- 50 min
Kafou is a 2017 Haitian crime-comedy directed by Bruno Mourral which tells the story of Doc and Zoe, two struggling taxi drivers who turn to the dangerous world of organized crime in order to make ends meet. The movie takes place in Port-au-Prince, the capital city of Haiti, which is portrayed as a bustling and chaotic metropolis rife with poverty, corruption, and violence.
The two main protagonists of Kafou are played by Jasmuel Andri and Rolapthon Mercure, who deliver convincing performances as Doc and Zoe respectively. Doc is a loud-mouthed and street-smart hustler who dreams of becoming a famous singer, while Zoe is his more reserved and cautious partner who is struggling to pay for his mother's medical bills. Together, they navigate the treacherous world of the Haitian underworld, which is controlled by a powerful and enigmatic figure known only as 'The Boss'.
One of the strengths of Kafou is its depiction of Haiti as a complex and multifaceted society, with vibrant street markets, colorful festivals, and a rich cultural heritage. However, the film does not shy away from portraying the darker side of Haitian society, such as police brutality, mob violence, and political corruption. The cinematography is gritty and raw, capturing the chaotic energy of Port-au-Prince with handheld cameras and dynamic tracking shots.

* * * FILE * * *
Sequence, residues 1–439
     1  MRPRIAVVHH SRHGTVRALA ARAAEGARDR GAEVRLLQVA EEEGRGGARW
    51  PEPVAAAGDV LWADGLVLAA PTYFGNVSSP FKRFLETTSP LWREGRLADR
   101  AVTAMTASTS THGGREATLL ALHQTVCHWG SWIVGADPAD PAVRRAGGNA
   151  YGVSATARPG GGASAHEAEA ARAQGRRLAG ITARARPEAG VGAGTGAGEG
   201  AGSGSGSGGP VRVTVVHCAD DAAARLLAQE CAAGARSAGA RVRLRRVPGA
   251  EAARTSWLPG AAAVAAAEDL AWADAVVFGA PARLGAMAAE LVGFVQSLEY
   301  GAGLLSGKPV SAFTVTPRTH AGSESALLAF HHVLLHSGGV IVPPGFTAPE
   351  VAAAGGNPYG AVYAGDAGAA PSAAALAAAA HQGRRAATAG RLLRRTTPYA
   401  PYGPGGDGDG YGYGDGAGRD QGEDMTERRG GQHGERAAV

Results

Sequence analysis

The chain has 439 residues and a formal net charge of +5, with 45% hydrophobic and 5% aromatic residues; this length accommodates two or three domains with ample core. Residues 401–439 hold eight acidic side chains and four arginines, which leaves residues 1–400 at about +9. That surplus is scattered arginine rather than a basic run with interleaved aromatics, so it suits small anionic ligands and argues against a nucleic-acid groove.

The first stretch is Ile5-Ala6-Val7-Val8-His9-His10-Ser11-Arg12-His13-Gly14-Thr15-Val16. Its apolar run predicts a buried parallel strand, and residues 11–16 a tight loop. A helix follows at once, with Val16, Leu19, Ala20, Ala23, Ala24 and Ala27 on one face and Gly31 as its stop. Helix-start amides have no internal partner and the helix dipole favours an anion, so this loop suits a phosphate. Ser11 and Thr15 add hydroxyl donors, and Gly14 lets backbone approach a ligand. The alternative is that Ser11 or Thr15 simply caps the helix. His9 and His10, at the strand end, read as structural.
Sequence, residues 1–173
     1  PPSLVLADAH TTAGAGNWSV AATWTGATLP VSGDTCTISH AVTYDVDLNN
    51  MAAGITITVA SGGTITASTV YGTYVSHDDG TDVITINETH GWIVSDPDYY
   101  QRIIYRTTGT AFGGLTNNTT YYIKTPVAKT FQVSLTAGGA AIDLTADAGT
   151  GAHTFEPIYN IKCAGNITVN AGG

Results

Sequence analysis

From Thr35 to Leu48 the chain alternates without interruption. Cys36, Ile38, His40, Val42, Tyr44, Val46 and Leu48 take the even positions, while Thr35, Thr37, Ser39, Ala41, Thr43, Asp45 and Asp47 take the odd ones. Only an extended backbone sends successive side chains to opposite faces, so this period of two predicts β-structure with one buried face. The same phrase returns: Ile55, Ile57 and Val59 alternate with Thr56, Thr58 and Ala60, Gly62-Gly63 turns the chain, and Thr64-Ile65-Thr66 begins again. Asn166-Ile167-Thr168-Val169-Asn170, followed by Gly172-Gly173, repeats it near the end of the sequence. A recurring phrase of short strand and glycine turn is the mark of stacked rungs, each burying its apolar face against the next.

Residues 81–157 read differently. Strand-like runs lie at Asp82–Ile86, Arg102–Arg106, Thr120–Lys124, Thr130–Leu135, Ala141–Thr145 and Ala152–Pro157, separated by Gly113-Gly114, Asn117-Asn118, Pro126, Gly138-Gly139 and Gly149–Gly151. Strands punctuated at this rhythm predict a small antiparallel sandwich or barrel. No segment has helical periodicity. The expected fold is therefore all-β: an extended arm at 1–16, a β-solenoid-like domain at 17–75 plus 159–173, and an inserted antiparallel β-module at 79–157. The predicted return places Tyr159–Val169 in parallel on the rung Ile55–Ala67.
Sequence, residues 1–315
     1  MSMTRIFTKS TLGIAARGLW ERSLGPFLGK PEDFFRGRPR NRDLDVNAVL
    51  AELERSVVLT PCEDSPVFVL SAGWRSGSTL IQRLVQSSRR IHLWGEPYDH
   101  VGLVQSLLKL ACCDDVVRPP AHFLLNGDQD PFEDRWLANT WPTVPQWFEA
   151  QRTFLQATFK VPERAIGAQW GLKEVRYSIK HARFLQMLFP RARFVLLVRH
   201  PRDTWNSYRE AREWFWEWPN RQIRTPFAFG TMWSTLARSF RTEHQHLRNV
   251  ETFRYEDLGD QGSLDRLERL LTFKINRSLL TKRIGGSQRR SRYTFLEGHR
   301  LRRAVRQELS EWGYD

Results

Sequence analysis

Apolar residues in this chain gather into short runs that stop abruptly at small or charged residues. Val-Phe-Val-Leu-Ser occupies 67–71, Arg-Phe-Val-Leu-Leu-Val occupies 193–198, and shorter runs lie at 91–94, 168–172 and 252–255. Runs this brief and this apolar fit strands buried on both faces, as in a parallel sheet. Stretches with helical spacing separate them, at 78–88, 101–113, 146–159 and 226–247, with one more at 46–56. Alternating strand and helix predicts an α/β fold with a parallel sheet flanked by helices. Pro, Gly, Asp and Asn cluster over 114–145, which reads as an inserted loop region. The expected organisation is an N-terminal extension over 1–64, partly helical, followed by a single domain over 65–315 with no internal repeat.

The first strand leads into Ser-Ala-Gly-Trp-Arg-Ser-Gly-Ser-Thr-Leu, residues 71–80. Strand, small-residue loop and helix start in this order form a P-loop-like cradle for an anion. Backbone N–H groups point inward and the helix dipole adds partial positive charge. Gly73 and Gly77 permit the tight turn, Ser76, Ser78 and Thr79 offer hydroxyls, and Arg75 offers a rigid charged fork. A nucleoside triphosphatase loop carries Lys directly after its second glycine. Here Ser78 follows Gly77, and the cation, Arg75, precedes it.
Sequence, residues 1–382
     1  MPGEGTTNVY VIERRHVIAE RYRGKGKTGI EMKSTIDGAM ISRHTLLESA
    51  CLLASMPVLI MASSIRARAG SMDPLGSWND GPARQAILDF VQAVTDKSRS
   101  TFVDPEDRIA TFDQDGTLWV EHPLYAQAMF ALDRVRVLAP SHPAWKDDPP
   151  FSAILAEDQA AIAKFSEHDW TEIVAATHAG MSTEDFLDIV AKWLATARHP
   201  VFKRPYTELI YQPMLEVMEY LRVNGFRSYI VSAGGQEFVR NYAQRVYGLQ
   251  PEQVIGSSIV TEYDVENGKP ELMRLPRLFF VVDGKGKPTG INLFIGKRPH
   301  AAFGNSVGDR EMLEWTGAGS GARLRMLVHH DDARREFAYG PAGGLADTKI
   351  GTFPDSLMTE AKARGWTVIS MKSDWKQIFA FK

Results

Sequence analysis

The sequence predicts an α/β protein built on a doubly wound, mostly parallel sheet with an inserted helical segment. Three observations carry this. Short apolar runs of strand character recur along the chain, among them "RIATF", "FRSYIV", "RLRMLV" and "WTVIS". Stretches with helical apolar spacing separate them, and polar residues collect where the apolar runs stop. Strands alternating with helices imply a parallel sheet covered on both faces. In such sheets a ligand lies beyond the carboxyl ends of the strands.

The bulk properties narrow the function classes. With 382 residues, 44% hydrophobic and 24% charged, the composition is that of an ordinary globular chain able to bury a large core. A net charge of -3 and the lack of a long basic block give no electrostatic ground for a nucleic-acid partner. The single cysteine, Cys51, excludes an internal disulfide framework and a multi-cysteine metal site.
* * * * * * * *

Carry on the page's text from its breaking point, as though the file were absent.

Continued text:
The plot of Kafou is fast-paced and unpredictable, with several twists and turns that keep the audience engaged. The story begins with Doc and Zoe driving a wealthy American tourist to a remote location, but things quickly go awry when their car breaks down and they are forced to seek help from a group of gangsters. This sets off a chain of events that leads them deeper and deeper into the world of organized crime, as they become involved in drug trafficking, extortion, and murder.
Along the way, Doc and Zoe encounter a colorful cast of characters, including a voodoo priestess, a flamboyant drag queen, and a corrupt police officer. The dialogue is sharp and witty, with plenty of humor and banter between the two main characters. There are also several musical interludes, featuring both traditional Haitian folk music and contemporary rap and hip-hop.
Despite its many strengths, Kafou is not without its flaws. The pacing can be uneven at times, with some scenes feeling rushed or underdeveloped. The film also lacks a clear message or moral lesson, which may leave some viewers feeling unsatisfied. Additionally, some of the violence and sexual content may be disturbing or offensive to some viewers, so discretion is advised.
Overall, Kafou is a well-crafted and entertaining crime-thriller with a distinctly Haitian flavor. Despite its low budget and relatively unknown cast, the film manages to create a vivid and immersive world that feels authentic and engaging. Fans of international cinema, crime-thrillers, and Haitian culture will find much to enjoy in this gritty and unpredictable film.
Kafou is a 2019 drama with a runtime of 50 minutes. It has received mostly positive reviews from critics and viewers, who have given it an IMDb score of 6.6.